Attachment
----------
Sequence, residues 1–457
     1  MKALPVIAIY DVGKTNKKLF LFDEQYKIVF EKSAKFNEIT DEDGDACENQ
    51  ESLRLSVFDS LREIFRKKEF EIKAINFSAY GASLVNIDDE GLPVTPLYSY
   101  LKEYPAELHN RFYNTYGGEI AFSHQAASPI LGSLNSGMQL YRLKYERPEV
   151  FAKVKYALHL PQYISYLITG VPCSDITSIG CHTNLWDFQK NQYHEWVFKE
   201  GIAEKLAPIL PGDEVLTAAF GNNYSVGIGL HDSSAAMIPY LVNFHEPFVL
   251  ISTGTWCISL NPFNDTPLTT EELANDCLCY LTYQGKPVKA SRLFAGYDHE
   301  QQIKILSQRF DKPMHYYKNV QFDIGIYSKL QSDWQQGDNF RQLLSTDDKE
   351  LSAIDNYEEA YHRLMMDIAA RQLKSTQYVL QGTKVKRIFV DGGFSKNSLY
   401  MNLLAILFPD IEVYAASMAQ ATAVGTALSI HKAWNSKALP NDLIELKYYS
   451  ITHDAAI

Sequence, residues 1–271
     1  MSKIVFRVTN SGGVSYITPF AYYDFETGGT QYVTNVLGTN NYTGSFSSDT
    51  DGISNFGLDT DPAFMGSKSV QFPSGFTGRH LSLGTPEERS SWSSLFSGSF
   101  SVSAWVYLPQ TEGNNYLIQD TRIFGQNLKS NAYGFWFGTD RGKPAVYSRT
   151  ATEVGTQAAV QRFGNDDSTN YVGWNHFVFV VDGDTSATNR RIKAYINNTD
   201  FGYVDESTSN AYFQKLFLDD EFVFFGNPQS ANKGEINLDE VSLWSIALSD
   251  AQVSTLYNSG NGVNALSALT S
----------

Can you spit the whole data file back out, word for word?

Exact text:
Sequence, residues 1–457
     1  MKALPVIAIY DVGKTNKKLF LFDEQYKIVF EKSAKFNEIT DEDGDACENQ
    51  ESLRLSVFDS LREIFRKKEF EIKAINFSAY GASLVNIDDE GLPVTPLYSY
   101  LKEYPAELHN RFYNTYGGEI AFSHQAASPI LGSLNSGMQL YRLKYERPEV
   151  FAKVKYALHL PQYISYLITG VPCSDITSIG CHTNLWDFQK NQYHEWVFKE
   201  GIAEKLAPIL PGDEVLTAAF GNNYSVGIGL HDSSAAMIPY LVNFHEPFVL
   251  ISTGTWCISL NPFNDTPLTT EELANDCLCY LTYQGKPVKA SRLFAGYDHE
   301  QQIKILSQRF DKPMHYYKNV QFDIGIYSKL QSDWQQGDNF RQLLSTDDKE
   351  LSAIDNYEEA YHRLMMDIAA RQLKSTQYVL QGTKVKRIFV DGGFSKNSLY
   401  MNLLAILFPD IEVYAASMAQ ATAVGTALSI HKAWNSKALP NDLIELKYYS
   451  ITHDAAI

Sequence, residues 1–271
     1  MSKIVFRVTN SGGVSYITPF AYYDFETGGT QYVTNVLGTN NYTGSFSSDT
    51  DGISNFGLDT DPAFMGSKSV QFPSGFTGRH LSLGTPEERS SWSSLFSGSF
   101  SVSAWVYLPQ TEGNNYLIQD TRIFGQNLKS NAYGFWFGTD RGKPAVYSRT
   151  ATEVGTQAAV QRFGNDDSTN YVGWNHFVFV VDGDTSATNR RIKAYINNTD
   201  FGYVDESTSN AYFQKLFLDD EFVFFGNPQS ANKGEINLDE VSLWSIALSD
   251  AQVSTLYNSG NGVNALSALT S